Hypnosis: A Dialogue with Yourself


The genuine technique known as ‘hypnosis’ is a dialogue with the self, initiated by a third party. The ‘third party’ can be a living person, or a recording, and involve audio, visual – or both – stimulation. What is important is that the body is taken from a state of everyday ‘alertness’ and placed into a safe and profound state of ‘muscular’ (and postural) ‘relaxation’ (usually achieved whilst lying down, although also often pursued in a comfortable sitting position). It is universally recognised that when the body is relaxed (and all unnecessary muscular tension released), the surface mind activity of endless thoughts and emotions will also reduce and allow the individual experiencing hypnosis to access the deeper conscious levels of their awareness. It is vitally important to ‘relax’, ‘calm’ and ‘still’ the surface mind, as this is the harbinger of all problematic thought patterns and behaviours initiated upon them. All activity can be brought to a halt on the physical plane simply by an act of will and voluntarily undergoing 15, 30 or 60 minutes of hypnosis therapy. Although hypnosis is initiated whilst the individual is awake, there are some audio programmes that last 8 hours and which are designed to assist in achieving a good and peaceful night’s sleep. This being the case, what is ‘hypnosis actually doing?

Of course, I am not discussing stage hypnotism – which by and large I consider to be a fraudulent profession – nor am I limiting the subject of hypnosis to otherwise very compelling black and white films which through a swing of watch, crystal or other equally unlikely object, an individual is rendered apparently ‘unconscious’ and yet still ‘awake’ whilst being unable to think ‘independently’ and open to manipulation by others. This ‘mystification’ of hypnosis, although entertaining, is unnecessary. Hypnosis is not required in society for the unscrupulous to exploit the vulnerable, that process continues unabated and more or less under its own steam. No – hypnosis is a form of self-imposed (and therefore ‘voluntary’) assisted meditation, which sees an individual enter a state of profound physical and psychological relaxation which allows access to an enhanced awareness. Once in this state of depth awareness, the patterns of psycho-physical conditioning can be seen objectively and therefore ‘changed’ or ‘altered’ from the personal perspective of the individual concerned.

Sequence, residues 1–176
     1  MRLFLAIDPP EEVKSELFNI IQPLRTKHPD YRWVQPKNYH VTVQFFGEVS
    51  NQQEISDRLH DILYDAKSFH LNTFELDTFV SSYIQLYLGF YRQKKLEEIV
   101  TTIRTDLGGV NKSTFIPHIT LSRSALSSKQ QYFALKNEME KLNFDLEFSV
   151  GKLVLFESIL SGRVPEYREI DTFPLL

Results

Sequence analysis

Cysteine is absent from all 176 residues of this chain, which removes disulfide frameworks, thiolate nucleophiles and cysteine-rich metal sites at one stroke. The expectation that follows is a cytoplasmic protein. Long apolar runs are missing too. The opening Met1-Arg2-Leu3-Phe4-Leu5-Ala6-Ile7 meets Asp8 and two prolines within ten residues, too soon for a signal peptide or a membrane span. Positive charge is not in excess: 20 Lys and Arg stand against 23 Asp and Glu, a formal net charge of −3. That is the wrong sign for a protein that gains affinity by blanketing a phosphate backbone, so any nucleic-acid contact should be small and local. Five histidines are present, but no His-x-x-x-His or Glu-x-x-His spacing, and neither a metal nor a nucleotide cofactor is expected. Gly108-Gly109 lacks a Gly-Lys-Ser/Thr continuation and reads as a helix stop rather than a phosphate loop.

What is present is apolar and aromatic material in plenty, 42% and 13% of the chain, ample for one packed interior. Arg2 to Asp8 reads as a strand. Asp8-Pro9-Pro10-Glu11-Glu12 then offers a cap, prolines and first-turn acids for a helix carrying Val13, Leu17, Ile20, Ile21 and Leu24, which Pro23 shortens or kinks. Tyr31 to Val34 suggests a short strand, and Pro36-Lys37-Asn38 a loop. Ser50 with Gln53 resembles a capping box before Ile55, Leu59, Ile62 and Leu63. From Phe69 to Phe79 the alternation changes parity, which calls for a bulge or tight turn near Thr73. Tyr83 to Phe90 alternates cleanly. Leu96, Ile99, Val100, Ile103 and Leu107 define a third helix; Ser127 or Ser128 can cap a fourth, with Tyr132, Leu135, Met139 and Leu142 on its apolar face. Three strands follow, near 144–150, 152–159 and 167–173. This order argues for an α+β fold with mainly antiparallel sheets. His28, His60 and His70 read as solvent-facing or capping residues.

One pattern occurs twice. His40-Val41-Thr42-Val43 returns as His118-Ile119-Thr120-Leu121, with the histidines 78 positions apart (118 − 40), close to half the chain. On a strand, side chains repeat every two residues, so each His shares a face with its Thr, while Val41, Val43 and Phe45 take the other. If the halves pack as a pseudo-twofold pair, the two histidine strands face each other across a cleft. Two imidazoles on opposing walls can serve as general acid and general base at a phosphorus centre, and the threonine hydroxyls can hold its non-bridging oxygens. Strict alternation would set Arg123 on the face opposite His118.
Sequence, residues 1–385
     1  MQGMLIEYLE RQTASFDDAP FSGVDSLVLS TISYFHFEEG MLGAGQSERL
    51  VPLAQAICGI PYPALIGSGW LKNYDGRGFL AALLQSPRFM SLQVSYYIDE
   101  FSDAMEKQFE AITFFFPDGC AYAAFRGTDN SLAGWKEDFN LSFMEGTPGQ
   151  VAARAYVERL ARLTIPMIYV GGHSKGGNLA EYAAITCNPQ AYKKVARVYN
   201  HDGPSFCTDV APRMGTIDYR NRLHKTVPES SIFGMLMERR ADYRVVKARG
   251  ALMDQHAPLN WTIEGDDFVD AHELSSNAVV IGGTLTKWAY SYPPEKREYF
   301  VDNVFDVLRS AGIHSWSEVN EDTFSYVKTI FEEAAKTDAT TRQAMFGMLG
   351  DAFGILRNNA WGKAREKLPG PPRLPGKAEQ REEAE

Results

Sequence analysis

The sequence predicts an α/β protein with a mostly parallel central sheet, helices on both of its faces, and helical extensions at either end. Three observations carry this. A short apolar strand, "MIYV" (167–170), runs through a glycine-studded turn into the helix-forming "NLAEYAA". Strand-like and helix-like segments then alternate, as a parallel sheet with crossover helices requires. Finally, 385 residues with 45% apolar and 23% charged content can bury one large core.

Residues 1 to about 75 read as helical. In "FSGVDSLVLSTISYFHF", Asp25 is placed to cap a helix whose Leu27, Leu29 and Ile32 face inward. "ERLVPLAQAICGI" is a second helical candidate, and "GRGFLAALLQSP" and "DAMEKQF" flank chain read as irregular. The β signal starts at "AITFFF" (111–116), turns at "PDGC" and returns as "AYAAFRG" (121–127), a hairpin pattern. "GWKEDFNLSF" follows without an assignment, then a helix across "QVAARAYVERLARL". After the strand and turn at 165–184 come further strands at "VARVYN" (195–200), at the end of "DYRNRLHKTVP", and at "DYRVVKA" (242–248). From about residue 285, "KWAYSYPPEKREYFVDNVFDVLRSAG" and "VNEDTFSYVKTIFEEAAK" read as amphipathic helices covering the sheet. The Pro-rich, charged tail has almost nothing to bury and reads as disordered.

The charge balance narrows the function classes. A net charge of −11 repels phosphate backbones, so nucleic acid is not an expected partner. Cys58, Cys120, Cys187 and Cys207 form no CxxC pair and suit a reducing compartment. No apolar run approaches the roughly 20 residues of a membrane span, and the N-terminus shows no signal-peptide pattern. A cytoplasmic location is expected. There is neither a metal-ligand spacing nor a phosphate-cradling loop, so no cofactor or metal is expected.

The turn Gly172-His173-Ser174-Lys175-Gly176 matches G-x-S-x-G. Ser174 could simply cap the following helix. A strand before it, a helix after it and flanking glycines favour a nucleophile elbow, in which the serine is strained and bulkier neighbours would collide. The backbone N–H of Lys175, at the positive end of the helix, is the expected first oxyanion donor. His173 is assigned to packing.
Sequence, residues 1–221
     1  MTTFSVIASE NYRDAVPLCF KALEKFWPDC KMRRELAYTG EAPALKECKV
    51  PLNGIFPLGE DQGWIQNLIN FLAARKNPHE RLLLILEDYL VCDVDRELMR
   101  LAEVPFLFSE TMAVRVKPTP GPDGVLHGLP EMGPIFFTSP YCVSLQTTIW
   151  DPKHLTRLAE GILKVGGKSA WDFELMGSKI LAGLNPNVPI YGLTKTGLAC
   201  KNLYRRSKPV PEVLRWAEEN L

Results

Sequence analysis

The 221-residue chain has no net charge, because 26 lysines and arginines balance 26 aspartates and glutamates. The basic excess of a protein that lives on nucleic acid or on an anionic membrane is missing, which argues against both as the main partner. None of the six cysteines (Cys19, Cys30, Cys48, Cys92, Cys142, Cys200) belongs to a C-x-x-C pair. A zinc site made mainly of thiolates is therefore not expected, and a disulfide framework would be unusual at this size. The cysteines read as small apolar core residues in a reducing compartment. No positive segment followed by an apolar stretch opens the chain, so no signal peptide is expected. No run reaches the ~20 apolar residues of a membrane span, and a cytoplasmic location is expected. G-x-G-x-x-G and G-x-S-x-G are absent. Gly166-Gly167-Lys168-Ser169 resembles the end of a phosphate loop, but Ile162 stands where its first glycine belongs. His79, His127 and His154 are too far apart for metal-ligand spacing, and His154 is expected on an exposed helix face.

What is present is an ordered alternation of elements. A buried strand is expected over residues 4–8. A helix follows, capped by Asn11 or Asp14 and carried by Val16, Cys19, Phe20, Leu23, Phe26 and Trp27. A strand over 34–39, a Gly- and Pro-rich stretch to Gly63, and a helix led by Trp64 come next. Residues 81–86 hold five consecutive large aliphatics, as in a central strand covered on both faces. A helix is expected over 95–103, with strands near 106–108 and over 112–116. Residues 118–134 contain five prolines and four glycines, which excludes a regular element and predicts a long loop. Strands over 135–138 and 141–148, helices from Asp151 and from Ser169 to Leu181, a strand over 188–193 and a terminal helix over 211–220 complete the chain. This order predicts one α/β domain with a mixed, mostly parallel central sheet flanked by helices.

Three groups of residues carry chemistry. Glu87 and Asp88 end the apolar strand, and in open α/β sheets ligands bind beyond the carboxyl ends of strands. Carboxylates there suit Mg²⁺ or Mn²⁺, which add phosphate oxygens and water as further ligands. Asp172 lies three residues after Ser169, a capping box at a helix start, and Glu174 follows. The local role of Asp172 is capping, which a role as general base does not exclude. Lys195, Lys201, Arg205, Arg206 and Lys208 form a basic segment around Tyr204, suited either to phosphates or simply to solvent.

Although Buddhist meditation is self-imposed, it is still learned from a Buddhist Sutra or a living teacher (with the objective of uprooting greed, hatred and delusion), but there are forms of ‘visualisation’ meditation within Buddhism that allows for a teacher to guide a student through verbal direction and the ‘imagining’ of various Buddhist-related iconology (such as the ‘healing’ Medicine Buddha) within the mind. Hypnosis, however, is a secular activity with no direct religious connections, despite an assumed historical connection to the ancient Greek god ‘Hypnos’ (i.e. ‘sleep’). This connection is spurious, however, as research shows that the term ‘hypnotism’ was first coined (in English) in 1843 – short for neuro-hypnotism (1842) – by Dr James Braid of Manchester, England, with Dr Braid having acquired this term from the French scientist Étienne Félix d’Henin de Cuvillers – who first used it in 1820. An interesting discrepancy is that in my experience, neither meditation nor hypnosis is ‘sleep’ in the general use (and experience) of the term, although it is easier (if intended) for the individual to slide into a sleep state from that of hypnotic induced depth awareness and relaxation. Hypnotic programmes can be found ‘free’ on the internet and involve a peaceful voice directing the individual to relax and focus their awareness toward (or away) from a particular subject, attribute or idea. In essence hypnosis appears to be a form of neural-linguistic programming which can have varying degrees of effectiveness depending upon individual circumstance and quality of hypnotic suggestion. As with everything, think for yourself, explore and develop your own opinions.

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